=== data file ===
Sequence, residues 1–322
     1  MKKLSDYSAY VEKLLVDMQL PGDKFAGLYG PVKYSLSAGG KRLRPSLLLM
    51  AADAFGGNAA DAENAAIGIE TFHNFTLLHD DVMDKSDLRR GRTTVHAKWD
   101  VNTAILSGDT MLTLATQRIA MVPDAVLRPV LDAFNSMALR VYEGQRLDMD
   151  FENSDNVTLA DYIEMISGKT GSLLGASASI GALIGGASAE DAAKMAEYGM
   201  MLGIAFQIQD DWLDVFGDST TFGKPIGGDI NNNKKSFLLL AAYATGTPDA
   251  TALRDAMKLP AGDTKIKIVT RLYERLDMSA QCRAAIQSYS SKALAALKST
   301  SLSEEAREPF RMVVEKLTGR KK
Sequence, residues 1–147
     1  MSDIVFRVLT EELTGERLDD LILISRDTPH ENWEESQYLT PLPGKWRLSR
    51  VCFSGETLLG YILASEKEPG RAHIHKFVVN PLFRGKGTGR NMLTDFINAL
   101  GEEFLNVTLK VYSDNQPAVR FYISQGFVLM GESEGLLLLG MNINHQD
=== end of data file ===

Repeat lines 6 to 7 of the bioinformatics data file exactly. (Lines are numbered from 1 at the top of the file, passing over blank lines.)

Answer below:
   201  MLGIAFQIQD DWLDVFGDST TFGKPIGGDI NNNKKSFLLL AAYATGTPDA
   251  TALRDAMKLP AGDTKIKIVT RLYERLDMSA QCRAAIQSYS SKALAALKST